Story: Jay (Maika) has sex with her boyfriend Hugh (Weary) in his car one night and a short while later, in a drastic shift of mood, Hugh tells Jay that he has now 'passed on' an entity to her. 'It' will follow her at walking pace and when it catches up, will slaughter Jay - unless she in turn has sex with someone else and passes on the cursed entity, just like he did.
Review: There's something unsettling about this film from the opening scene itself. The premise, as described above, reads plainly enough on paper. Jay's sister Kelly (Sepe) and friends Paul (Gilchrist), Yara (Luccardi) and Greg (Zovatto) empathize and try to help her.
The entity follows Jay with a chilling relentlessness - emerging from a crowd as an old lady, from a forest at night as a naked woman or in a tiny bedroom as an eight foot tall man with eyes gouged out. No one else can see 'it'.
Mitchell's direction creates a sense of unknowing; that something is happening off-camera and we can only guess. In one scene, the camera pans through 720 degrees, where we at one point see 'it' approaching a building Jay is in. When the camera returns to that spot, it's nowhere to be seen. Stuff like this plays on your mind later on. Did it enter that building?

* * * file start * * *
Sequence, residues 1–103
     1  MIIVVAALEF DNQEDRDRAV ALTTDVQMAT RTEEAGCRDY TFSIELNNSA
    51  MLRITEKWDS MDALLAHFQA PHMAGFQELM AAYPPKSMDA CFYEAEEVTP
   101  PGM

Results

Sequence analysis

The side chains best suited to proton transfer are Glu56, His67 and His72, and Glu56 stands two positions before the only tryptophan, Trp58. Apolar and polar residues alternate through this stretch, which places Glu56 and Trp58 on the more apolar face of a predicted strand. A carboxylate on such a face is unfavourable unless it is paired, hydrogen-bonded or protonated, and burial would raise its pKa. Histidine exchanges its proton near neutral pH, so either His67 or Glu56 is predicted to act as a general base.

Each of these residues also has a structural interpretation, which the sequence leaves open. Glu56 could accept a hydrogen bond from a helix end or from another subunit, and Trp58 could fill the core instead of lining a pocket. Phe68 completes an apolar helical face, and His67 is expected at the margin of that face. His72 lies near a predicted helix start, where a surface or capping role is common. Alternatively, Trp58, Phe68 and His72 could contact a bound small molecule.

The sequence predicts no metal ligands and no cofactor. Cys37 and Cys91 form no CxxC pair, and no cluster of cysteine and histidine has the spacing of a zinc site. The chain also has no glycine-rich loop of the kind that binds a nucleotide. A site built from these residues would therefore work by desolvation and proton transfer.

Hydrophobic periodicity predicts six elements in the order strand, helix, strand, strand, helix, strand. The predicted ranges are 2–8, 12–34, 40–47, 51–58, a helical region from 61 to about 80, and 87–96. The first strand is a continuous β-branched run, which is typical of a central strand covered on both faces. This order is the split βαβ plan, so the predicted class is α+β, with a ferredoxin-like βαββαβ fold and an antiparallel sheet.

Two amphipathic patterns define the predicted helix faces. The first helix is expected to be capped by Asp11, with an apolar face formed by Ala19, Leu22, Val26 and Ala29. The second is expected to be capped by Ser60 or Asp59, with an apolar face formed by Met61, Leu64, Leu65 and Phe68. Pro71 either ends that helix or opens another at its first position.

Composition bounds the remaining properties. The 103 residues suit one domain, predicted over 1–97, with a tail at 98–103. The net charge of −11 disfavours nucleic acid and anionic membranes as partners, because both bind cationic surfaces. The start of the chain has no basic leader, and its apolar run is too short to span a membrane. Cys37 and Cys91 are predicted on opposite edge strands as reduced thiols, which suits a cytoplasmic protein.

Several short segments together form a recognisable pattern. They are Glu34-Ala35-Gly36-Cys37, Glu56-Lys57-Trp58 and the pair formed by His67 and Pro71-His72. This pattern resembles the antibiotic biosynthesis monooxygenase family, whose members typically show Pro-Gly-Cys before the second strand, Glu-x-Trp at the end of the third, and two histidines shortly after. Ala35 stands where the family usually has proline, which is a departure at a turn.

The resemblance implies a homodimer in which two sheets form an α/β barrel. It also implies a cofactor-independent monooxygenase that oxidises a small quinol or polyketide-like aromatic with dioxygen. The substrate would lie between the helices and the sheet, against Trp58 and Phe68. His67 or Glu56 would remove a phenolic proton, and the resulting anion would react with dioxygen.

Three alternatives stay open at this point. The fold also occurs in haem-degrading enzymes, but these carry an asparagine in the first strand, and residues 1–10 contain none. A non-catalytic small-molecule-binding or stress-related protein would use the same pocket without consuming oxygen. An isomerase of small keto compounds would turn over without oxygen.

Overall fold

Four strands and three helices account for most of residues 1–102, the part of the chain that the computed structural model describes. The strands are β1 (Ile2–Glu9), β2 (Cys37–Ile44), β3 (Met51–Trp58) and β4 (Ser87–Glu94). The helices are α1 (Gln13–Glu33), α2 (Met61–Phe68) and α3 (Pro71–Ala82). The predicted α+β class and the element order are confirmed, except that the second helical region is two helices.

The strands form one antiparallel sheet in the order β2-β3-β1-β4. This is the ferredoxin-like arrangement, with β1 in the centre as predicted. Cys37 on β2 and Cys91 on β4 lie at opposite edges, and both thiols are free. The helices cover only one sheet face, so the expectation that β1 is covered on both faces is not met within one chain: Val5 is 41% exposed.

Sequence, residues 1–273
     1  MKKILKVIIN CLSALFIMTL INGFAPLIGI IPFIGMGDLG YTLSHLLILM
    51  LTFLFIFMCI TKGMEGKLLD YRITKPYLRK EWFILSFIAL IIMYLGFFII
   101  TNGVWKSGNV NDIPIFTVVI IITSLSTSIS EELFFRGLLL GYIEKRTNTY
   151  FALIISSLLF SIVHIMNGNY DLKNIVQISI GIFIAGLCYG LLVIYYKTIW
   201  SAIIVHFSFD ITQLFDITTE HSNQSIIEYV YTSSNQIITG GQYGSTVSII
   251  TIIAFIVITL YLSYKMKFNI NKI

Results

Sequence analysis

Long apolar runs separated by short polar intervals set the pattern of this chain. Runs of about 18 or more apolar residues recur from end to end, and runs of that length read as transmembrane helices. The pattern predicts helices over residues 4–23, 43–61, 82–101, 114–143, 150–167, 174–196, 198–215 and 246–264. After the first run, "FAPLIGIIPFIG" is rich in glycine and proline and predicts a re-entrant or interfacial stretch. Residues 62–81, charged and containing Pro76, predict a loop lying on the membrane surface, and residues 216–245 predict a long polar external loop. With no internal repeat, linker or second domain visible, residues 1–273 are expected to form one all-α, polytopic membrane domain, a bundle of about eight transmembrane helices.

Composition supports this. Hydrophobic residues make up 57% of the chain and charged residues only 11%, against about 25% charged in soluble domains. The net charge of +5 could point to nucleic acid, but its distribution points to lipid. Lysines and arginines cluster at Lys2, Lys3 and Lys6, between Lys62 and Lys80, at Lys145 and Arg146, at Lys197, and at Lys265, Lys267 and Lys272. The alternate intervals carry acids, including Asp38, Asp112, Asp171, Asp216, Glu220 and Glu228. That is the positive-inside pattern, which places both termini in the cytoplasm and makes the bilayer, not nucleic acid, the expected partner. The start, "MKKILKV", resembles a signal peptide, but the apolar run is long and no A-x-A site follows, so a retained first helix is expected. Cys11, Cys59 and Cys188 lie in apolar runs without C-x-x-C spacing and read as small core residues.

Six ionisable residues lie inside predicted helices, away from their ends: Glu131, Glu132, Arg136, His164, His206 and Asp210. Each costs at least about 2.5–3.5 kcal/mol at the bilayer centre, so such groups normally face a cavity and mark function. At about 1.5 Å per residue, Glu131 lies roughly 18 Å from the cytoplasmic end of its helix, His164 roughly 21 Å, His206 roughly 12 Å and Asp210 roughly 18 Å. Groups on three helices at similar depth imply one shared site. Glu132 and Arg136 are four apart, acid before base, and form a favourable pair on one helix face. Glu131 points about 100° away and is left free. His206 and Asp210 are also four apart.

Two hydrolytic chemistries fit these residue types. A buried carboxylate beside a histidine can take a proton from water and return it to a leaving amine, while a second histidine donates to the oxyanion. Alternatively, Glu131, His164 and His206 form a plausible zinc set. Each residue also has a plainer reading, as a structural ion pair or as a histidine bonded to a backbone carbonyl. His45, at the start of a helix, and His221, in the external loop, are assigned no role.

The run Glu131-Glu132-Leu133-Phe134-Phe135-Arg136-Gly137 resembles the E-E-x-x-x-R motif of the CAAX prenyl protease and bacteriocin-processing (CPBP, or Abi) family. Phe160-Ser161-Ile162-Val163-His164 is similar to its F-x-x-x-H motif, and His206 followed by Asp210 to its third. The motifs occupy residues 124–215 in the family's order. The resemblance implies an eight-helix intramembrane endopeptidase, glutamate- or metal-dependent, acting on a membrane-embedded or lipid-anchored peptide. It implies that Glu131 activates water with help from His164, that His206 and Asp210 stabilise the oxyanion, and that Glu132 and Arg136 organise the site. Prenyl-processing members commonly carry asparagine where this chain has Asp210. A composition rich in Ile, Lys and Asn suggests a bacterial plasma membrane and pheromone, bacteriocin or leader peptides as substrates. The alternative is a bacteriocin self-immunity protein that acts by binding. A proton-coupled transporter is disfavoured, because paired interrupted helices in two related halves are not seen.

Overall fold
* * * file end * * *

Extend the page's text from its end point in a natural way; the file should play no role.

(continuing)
The entity itself inspires dread. Not only can it assume the form of any person - a parent included - but you wonder what the hell it really is? Scarier still is its Terminator-like persistence. Jay realizes that even if she takes time off to rest or sleep, it only gives the entity more time to reach her. Jay might 'transfer' it to someone else like a demonic STD, but when those people are killed by the entity, it will come back to her again - a claustrophobic loop of a living nightmare.
Mitchell's deliberately disjointed narrative and ambiguous timelines add to the surrealism. There's a chance you might, at night, catch yourself looking over your shoulder more than once after watching this.